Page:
Pain, C.S. Lewis famously said, is God’s megaphone to wake up a sleeping world. The problem of evil is undeniable: why pain and suffering? And why so much of it? And why the seemingly random distribution of it?
However, just as one can trivially go through life seeing cups as half empty or half full, so we can go through life choosing to focus on the pain and suffering or on the good that comes out of it. We need not expect that doing the latter will lead us to conclude “Oh, clearly that good is sufficient to outweigh sufferings endured!” But at the very least, a grasp of the transcending goods provides at least some personal and intellectual amelioration for the evils endured.
In addition, we need to keep in mind that from a Christian perspective, this present mortal coil is not the sum total of existence. Rather, it is but the first chapter in a book that goes on for eternity. If great ills befall the protagonist on the first pages of a thousand page book, remember that there are many pages for those ills to be woven into the fabric of the story and the cultivation of the protagonist’s character, as well as those touched by her life.
I think at this point of the “Napkin Note Dad“. Garth Callaghan has cancer, and his prognosis is not good: less than an eight percent chance that he will be alive when his 13 year old graduates high school. A person could choose to look at this awful situation only as an inexplicable, indefensible and unqualified evil. Or one can look at it as the occasion to reach for transcending goods, the formation of character, the deepening of the bonds of love.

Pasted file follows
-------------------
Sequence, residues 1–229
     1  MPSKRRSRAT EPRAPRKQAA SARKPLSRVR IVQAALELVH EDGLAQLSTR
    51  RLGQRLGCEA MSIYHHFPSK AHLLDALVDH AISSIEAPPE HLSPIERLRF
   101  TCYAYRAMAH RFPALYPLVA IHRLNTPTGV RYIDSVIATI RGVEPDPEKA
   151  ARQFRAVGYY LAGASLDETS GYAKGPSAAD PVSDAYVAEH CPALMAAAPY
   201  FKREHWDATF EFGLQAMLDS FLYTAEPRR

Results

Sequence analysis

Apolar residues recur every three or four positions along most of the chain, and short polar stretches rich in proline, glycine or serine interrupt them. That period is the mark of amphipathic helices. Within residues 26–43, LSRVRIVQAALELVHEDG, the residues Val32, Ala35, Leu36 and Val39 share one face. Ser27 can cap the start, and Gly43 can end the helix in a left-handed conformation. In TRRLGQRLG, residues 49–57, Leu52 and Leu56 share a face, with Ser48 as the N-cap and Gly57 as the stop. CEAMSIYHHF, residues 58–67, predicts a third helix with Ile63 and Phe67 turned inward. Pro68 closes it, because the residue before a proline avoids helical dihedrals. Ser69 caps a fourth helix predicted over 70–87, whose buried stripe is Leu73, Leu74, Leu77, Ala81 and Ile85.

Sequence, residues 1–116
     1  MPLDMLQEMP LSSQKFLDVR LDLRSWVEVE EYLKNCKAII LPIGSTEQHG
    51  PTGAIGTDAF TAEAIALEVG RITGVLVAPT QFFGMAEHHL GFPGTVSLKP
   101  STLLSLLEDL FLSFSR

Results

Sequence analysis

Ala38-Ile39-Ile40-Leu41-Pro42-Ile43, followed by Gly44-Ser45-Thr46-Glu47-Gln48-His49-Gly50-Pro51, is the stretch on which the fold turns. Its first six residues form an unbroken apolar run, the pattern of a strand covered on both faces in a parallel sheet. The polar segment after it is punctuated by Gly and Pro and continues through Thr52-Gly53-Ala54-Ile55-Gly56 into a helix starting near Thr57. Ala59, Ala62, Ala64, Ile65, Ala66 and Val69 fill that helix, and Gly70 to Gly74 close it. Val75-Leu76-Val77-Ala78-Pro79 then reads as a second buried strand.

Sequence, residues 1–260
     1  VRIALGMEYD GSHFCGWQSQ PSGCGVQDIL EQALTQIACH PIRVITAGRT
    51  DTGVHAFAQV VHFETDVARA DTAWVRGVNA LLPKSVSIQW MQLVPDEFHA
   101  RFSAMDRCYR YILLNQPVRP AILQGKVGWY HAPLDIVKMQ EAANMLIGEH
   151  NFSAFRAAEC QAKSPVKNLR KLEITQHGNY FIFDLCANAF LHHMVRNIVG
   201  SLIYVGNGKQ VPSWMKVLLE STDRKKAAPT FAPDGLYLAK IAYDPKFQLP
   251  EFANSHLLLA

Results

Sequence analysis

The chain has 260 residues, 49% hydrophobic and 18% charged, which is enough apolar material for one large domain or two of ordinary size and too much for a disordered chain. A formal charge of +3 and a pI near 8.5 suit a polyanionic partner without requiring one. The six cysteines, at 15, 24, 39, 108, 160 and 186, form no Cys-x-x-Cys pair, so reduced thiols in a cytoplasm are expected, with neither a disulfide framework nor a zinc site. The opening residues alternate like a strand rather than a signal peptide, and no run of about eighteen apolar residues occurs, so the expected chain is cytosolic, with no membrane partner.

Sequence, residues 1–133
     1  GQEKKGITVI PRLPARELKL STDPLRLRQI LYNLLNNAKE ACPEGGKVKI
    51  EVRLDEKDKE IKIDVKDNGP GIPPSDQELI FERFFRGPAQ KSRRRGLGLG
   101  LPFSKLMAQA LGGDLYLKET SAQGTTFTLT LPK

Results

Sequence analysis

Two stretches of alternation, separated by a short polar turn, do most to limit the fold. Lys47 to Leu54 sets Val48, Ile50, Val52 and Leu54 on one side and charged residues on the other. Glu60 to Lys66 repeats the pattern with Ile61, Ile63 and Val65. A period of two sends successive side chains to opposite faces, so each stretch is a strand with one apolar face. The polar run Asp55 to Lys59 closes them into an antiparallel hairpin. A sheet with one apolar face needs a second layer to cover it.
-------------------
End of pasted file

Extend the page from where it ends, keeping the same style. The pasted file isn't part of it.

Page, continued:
Callaghan chose the latter. Over the years he has made it a practice of writing an inspirational phrase on the napkins in his daughter’s lunchbox. And now, facing his own mortality, he has taken to writing 800+ napkins to cover every day in his beloved daughter’s high school education, so that even after he is gone, he can still be there, connecting with her daily and leading her with the loving hand of a father into womanhood. Callaghan’s goal is transcendently beautiful and has inspired others to acts of kindness, selflessness and moral development as they too reach out to others in their midst.
I am not claiming that we can grasp an austere calculus of suffering at work here according to which the suffering and loss Callaghan and his family endure are exactly compensated for in the transcending goods attained through that loss. But might the latter not provide at least some degree of amelioration for the former?